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Stabroek News

Gendered justice?
published: Sunday | May 27, 2007

Orville Taylor

Tomorrow is my mother's 81st birthday, and apart from being grateful for her longevity, mental and moral clarity, I am eternally thankful that she 'tek a good man,' and, therefore, along with the late Elder Taylor, she taught me to shun hypocrisy while avoiding bias. Actually, I should not buy anything if I can't afford it.

Last week, two 'celebrity' criminals were released amid much fanfare. The first was Earl Pratt of the landmark case Pratt and Morgan v. Attorney-General of Jamaica, and the other, the notorious Mary Lynch, who, in 1992, 'bloodgeoned' her allegedly abusive husband, carving him up like a jigsaw puzzle, while her supporters argue that she was not 'cut out' to be a murderess.

Pratt and Ivan Morgan were convicted in 1979 for the 1977 murder of Junior Anthony Missick and sentenced to death. After two decades of appeals, it was determined by the British Privy Council that it was "cruel and unusual" punishment to keep them near to the place of execution and telling them, "sey feh!" Given that it was akin to torture to continue to give the convicts glimpses of death while tempting them with glimmers of hope, they could not be executed.

Never-ending story

The effect of this ruling was that if condemned men are on death row for more than five years and not executed, then the sentence cannot be a swift phrase that ends with 'break-neck' speed. Rather, it can become a paragraph or an entire never-ending story. Such delays in execution have earned the ire of Mayor 'Deadman' McKenzie, who recently opined that murderers of children ought to be given the death penalty, with swift executions.

Morgan died of natural causes in prison in 1996, while Pratt's commuted sentence continued to run until he was paroled recently. There are two critical elements here. First, he was extended an olive branch by the friends and family of Missick. This is similar to the high road taken by Justice Lennox Campbell and family last January, after their son/brother was killed.

The Campbell's forgiveness is all the more admirable because, unlike Missick's survivors, they had 30 hours, not 30 years, to act as Jesus taught us. Not even our clergy, with the exception of the Catholic church, have taken such a Christian approach to the death penalty.

The second factor is that Pratt has repeatedly expressed deep remorse and indicated a desire to use the reprieve to lead youth at risk away from the path he took. His own words: "I was not man enough to say sorry then. Only time and experience can make you a man. I'm saying sorry now," and, "In my youth, I was involved in a lot of things that ended up causing me to go to prison. So I'm saying to the youths out there involved in crime, to stop and check themselves, before it's too late."

Commendable, but another popular homicide convict was African-American, Stanley 'Tookie' Williams, who was condemned in 1981 for two 1979 incidents. For the last two decades in prison he wrote anti-gang children's books and brokered a peace treaty between the nefarious gangs, the Cripps and the Bloods. He even received a 'Call to Service Award' from President George W. Bush. Despite rejecting gang violence, expressing regret over the founding of the Cripps and his activism behind prison walls, it was not persuasive enough for 'Governminator,' Arnold Swarznegger to grant him clemency.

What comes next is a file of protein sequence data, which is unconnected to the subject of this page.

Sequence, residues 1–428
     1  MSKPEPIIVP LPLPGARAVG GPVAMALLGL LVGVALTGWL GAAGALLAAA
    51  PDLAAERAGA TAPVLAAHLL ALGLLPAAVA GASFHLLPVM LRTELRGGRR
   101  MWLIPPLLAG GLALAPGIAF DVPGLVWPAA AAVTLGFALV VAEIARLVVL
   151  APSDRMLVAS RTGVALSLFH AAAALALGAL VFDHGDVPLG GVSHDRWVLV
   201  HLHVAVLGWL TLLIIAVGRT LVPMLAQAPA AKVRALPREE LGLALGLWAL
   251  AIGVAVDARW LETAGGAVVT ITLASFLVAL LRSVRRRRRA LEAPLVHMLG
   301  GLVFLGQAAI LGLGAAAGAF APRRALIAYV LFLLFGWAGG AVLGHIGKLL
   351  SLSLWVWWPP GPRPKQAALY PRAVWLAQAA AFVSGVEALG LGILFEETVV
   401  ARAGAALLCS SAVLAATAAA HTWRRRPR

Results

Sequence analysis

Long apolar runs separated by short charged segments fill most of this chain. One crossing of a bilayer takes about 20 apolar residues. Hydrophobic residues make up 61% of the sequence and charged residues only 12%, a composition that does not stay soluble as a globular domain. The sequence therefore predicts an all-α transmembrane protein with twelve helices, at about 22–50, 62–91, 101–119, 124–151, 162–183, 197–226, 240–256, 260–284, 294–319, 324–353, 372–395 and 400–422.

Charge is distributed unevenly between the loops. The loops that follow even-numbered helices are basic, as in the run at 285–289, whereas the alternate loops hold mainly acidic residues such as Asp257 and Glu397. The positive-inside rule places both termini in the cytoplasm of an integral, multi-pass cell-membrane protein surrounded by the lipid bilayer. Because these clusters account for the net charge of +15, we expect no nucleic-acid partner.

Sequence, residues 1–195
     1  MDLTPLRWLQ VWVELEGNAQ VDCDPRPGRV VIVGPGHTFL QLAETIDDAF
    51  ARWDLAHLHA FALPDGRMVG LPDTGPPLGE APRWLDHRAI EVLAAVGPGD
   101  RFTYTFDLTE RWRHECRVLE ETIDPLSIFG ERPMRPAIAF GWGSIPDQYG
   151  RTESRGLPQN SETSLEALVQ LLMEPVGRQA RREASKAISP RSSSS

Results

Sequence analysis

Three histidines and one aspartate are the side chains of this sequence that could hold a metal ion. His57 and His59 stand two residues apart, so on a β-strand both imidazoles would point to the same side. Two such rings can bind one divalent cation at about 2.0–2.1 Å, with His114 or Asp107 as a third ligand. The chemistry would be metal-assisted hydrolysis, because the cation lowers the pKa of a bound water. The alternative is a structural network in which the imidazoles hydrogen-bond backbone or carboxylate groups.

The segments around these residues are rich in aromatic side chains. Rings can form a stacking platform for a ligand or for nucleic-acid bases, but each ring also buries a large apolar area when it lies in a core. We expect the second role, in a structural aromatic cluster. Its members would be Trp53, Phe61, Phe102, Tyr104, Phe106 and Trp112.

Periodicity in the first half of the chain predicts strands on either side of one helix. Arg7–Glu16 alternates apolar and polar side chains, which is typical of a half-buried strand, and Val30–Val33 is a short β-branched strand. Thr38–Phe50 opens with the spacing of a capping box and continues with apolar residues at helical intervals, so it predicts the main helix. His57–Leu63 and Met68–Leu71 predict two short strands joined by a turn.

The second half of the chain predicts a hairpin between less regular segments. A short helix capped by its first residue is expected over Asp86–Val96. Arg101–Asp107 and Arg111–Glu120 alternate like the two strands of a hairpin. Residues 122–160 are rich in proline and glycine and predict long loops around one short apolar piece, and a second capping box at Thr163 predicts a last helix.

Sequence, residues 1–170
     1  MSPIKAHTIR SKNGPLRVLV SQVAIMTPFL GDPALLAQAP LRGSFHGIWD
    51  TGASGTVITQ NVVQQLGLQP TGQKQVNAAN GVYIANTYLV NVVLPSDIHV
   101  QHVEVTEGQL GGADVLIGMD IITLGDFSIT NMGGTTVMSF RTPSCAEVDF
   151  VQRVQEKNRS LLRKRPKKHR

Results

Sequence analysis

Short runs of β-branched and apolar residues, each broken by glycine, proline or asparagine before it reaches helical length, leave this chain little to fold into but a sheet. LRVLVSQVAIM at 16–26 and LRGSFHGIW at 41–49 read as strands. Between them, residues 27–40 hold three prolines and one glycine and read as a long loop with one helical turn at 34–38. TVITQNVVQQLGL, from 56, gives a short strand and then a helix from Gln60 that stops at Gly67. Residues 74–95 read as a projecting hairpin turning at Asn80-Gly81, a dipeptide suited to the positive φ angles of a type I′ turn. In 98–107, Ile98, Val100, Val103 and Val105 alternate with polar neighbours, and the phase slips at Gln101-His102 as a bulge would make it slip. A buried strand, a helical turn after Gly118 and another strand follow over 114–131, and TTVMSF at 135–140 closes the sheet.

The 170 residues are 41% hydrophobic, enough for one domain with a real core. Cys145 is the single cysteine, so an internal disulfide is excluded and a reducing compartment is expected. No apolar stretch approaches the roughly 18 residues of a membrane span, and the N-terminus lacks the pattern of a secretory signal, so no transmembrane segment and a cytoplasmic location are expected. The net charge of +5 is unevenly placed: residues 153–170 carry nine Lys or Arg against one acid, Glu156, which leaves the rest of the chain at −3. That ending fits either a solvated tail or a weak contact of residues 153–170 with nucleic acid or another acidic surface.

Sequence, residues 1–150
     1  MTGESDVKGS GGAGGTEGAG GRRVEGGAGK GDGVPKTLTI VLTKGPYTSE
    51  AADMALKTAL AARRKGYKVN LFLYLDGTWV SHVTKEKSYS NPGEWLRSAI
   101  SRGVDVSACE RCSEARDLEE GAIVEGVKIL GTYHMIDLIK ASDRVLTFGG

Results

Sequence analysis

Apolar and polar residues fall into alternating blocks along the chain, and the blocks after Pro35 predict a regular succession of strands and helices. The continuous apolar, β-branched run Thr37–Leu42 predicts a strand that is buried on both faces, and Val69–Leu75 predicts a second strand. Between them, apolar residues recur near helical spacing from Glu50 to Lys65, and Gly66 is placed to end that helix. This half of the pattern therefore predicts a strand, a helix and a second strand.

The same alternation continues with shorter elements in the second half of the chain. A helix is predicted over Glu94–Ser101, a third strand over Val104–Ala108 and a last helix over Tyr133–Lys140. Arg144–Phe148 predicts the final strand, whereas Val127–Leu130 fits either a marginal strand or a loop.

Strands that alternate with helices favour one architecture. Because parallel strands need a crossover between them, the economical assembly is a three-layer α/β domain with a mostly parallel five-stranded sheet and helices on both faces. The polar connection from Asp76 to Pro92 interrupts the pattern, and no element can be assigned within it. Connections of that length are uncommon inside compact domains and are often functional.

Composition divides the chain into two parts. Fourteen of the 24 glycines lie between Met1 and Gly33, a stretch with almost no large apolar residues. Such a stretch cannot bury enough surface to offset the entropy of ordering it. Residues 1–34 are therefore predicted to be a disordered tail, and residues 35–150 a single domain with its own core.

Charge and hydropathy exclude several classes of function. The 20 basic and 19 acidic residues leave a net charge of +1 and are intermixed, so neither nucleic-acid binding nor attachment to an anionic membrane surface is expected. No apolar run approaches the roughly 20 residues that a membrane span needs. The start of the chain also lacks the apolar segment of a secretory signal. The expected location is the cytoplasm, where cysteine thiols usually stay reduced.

Tookie was executed by a little prick in December 2005. It was an injection that, Jah knows, did not 'Cure' the celebrity status of the convict. Neither did it heal the wounds of the victims nor their families. Still, we must not lose sight that lives were lost and destroyed. Therefore, any attempt to make Pratt and others like him into celebrities would make 'Missick'. Pratt's humility and proposed activism with the youth must be the way to go, because he is still a murderer, who got off on a technicality.

On the other hand, little is known about where Mary Lynch stands. She already has an unfortunate surname because 'lynching' is the torture, dismemberment and burning of blacks in the post-civil war American South. More unfortunate is that it is reputedly associated with legendary Jamaican white plantation overseer, Willie Lynch, who developed his techniques here and taught them to the Americans.

Escaped noose

What might have precipitated her parole is uncertain, but she escaped the hangman's noose because there appears to be an unwritten rule that says women are not to be hanged. Indeed, even history only mentions that there was at least one woman hanged with Sam Sharpe last week in 1832, and she remains an obscure figure. Women were among the 300-plus persons hanged in 1865 after the Morant Bay Rebellion. These women were heroes and martyrs and deserve celebrity treatment. We don't even know their names but they fought for our freedom and democracy.

Yet, we run the danger of giving the hype to an upper middle-class person, who could have taken her allegations of abuse to the police or her lawyer and be believed. This would have guaranteed her protection from her husband and at least half of their property.

Moreover, she, unlike Pratt and Morgan, was not an undereducated, marginalised youth from the inner cities who lives violence. Even so, ask any ghetto 'shotta', it takes more guts or coldness to kill someone manually. It is even more 'doghearted' to dismember, dispose and incinerate. Justice?

Speaking of which, the Chief Justice nominee is female. There is no reason to doubt her competence, but is she the most senior and suitable candidate or is it simply woman time again?

Dr. Orville Taylor is a senior lecturer in the Department of Sociology, Psychology and Social Work at the University of the West Indies, Mona.

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